Tuesday, January 19, 2016

Hive - Christina Stoddard (University of Wisconsin Press)

Today's book of poetry:
Hive.  Christina Stoddard.  University of Wisconsin Press. Madison, Wisconsin.  2015.
Winner of The Brittingham Prize in Poetry

Hive Cover

Christina Stoddard "brings the hammer down" hard.  These poems are the flaming sparks you get from raising a hammer high and bringing it down hard on an anvil.  And she doesn't miss a beat.   Every time you turn a page in this spellbinding collection you can feel the heat.  Stoddard is fully armed and taking names, and she is shooting in every direction.  

Hive is as rewarding a book of poetry as you'll find out there, this woman can burn.

Stoddard grew up in the Mormon Church and she is not all that happy about it.  These poems are brutal and beautiful, terrifying and exciting.

The Oxford Unabridged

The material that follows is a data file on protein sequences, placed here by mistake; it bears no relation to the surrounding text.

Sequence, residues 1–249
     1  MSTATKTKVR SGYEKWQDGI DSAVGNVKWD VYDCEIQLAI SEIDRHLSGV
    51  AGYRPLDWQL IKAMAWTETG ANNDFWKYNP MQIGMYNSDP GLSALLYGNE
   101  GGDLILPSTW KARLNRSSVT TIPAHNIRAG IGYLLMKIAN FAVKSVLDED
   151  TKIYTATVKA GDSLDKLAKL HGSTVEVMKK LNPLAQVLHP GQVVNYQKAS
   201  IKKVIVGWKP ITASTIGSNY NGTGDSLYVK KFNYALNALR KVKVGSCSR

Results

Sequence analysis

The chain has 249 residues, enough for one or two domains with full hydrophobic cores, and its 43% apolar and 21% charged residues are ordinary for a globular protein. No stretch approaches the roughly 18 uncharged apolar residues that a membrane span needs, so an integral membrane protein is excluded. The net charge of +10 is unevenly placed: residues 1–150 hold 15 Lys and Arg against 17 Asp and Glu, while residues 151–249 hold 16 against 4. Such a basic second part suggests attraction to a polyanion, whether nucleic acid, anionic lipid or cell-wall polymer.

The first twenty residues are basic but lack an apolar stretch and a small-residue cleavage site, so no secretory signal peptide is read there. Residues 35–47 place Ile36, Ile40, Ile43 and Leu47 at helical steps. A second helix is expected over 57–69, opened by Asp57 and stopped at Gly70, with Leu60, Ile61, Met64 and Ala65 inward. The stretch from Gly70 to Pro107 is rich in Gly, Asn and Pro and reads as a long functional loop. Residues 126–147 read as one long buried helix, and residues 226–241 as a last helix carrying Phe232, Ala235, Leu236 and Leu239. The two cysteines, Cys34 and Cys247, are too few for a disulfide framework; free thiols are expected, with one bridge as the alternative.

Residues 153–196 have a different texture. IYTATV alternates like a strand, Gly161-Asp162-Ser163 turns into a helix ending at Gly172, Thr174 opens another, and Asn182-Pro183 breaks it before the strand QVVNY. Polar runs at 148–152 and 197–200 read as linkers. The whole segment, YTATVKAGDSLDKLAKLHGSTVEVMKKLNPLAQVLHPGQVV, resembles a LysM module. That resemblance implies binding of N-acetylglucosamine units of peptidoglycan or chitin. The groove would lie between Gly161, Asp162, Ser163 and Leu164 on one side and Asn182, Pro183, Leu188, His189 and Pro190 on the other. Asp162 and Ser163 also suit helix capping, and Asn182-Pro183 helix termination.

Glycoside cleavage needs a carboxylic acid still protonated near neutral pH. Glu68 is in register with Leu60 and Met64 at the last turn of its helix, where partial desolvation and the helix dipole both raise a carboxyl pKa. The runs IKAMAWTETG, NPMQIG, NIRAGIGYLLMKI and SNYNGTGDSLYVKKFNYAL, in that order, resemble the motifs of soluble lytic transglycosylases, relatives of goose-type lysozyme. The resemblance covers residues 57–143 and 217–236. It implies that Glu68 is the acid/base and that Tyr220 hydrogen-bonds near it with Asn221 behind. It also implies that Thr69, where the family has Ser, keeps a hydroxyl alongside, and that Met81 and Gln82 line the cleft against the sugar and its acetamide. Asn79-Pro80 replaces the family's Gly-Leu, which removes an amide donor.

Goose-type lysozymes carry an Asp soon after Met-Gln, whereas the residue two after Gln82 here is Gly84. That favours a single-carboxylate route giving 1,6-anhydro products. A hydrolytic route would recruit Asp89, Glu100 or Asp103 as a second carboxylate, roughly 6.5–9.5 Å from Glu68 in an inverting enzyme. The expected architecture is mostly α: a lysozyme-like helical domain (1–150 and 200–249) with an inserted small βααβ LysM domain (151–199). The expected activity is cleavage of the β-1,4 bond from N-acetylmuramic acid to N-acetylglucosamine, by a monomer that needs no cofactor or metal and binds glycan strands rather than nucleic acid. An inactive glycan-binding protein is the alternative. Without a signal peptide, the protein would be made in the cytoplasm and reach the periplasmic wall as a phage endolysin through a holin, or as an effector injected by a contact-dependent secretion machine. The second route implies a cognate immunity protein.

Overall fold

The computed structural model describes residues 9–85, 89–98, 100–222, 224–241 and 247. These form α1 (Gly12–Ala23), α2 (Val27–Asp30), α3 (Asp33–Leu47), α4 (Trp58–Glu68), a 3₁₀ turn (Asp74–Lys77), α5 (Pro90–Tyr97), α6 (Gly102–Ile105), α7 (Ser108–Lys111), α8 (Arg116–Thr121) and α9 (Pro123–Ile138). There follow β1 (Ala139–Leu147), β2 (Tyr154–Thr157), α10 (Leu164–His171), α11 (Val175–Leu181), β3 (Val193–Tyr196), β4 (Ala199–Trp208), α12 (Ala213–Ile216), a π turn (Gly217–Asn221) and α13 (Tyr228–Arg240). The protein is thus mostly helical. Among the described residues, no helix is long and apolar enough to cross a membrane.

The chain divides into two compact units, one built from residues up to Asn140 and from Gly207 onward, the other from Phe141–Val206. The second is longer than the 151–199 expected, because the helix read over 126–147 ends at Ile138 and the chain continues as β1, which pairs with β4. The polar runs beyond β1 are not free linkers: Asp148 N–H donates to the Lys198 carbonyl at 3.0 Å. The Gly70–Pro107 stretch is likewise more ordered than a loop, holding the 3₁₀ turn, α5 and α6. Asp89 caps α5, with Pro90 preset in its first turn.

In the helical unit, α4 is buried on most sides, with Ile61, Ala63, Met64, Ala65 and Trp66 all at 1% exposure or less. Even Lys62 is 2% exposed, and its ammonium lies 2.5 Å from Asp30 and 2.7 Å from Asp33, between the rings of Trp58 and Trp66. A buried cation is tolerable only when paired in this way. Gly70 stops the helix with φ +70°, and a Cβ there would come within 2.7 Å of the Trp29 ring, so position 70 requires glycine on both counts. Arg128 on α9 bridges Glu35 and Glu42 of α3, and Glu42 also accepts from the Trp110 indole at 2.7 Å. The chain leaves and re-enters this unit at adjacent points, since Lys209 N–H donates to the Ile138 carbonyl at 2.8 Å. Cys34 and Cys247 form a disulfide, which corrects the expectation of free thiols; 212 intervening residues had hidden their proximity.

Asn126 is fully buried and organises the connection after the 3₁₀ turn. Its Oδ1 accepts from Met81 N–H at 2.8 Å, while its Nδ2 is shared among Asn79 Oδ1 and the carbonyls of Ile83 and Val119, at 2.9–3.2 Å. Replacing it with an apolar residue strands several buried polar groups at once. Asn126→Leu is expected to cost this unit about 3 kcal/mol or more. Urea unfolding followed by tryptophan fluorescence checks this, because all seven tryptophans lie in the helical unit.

was how I learned the word fellatio,
though I paused to look up orgasm
and my understanding of male genitals was abstract
at best. I had read the word fellatio in the newspaper,
Local section, in a story
about three runaways, two boys and a girl.
A man held them in a cabin
for two weeks. He raped the girl
and forced the boys to perform fellatio on him
repeatedly. I didn't have to look up rape--
I'd know that word since fourth grade
when Takeisha told me
that her uncle took off his pants
when he babysat and we told
our teacher. But I read
the definition of fellatio
and I considered what I knew
about repeatedly.
The man picked up the kids
hitching o the freeway
and said he'd take them as far
as Enumclaw. The girl
gave her testimony yesterday,
which sounded strange when I read it
because in our church
testimony was when we all stood up
to bear witness of Christ
on the first Sunday, in lieu of a sermon.
The article said the girl had a glass eye.
the man stabbed out her real one
when she tried to escape. The man
told her: I will not kill you, I will
take some things away.

...

One of the many things Today's book of poetry absolutely loved about Christina Stoddard's Hive is the sustain.  Stoddard never takes her foot off of the gas.  She pops these out of the park, page after page, like she was taking batting practice for fun.

There is a dark menacing undertoad that rolls under these pages.  Its a dark cloud hanging over the prayer you cannot retract.  Stoddard controls all the momentum with the precision of a surgeon.